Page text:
MTG Arena: new Alchemy rebalance resurrects dead zombie cards

Magic the Gathering art showing zombies reaching towards the planeswalker Liliana.

The latest set of card rebalances for Alchemy, Magic: the Gathering’s digital-only format, has been announced by Wizards of the Coast. Revealed on the official Magic website on Wednesday, the tweaks include buffs to cards that rarely get played at all outside of low-power Limited formats like Draft and Sealed. The main focus is on zombies, a fairly underpowered, but very popular creature type.

Wizards has made sweeping buffs to Blue and Black zombie cards and, the article states, is aiming to “strengthen the Decayed mechanic” from the set Innistrad: Midnight Hunt. It says this is “the Zombie-specific mechanic that separates zombie decks from other creature-themed decks.”

That means that powerful zombie cards like Death-Priest of Myrkul and Narfi, Betrayer King have had upgrades – the former receiving an improved ability and the latter a lowered casting cost – but the changes don’t stop there. Wizards has gone as far as buffing very basic commons like Falcon Abomination, Hobbling Zombie, and Stitched Assistant, to try and make them more attractive options for zombie deck players. Attractive as zombies go, anyway.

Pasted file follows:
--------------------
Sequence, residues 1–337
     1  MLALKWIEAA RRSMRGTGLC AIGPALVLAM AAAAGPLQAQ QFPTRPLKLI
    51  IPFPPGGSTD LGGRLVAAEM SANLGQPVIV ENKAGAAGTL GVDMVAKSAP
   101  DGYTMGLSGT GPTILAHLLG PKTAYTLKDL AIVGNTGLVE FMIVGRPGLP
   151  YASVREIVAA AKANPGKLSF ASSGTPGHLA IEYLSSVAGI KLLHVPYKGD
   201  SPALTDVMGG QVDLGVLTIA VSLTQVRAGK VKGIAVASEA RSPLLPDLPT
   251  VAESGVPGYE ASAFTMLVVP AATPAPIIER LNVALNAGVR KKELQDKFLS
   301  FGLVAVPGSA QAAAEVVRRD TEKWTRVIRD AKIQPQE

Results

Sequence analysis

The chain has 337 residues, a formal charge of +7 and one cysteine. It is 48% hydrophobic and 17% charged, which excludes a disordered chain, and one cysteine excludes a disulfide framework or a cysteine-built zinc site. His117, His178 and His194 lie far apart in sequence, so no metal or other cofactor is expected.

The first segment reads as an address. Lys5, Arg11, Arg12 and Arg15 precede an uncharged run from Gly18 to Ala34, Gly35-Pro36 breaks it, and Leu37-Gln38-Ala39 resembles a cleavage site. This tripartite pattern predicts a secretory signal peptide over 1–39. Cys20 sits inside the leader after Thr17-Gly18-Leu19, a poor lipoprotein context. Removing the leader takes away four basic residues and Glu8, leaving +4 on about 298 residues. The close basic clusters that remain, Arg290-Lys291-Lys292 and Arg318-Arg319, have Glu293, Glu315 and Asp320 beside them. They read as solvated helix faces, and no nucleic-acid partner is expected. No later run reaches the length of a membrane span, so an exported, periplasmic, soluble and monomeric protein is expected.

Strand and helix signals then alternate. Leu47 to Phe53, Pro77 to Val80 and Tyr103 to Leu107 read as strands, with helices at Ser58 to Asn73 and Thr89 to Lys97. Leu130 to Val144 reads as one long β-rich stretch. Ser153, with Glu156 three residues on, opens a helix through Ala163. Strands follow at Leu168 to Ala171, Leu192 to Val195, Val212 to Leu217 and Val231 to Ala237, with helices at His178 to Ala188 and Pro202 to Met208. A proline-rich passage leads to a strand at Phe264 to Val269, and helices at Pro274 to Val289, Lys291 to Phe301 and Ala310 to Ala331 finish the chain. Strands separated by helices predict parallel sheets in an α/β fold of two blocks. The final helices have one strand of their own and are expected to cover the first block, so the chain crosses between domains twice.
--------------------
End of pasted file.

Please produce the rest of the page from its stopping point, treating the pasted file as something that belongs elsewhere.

Whereas January’s Alchemy rebalance mainly focused on curbing overpowered decks, or slightly boosting those that were falling behind, this month’s changes appear more experimental. They raise the question of how Wizards will approach Alchemy rebalances in the future, perhaps not only giving underplayed or unplayed cards a new lease of life, but also fostering entirely new, highly powerful decks.

With 30 new Alchemy cards arriving in March, and formats still in flux after Kamigawa: Neon Dynasty’s launch, it might seem a strange time to be making balance changes. However, Wizards says it is waiting to see what impact Kamigawa has and made these adjustments because the zombie cards are “agnostic of Kamigawa: Neon Dynasty set-specific themes.”

Alchemy’s constantly shifting, online-only format has been controversial ever since it was announced, as many fans aren’t happy that their hard-won cards can be nerfed. However, buffs are another matter, and, since the majority of Wednesday’s changes concern easily obtainable common and uncommon cards, they’ve generally not raised the ire of the Magic community.

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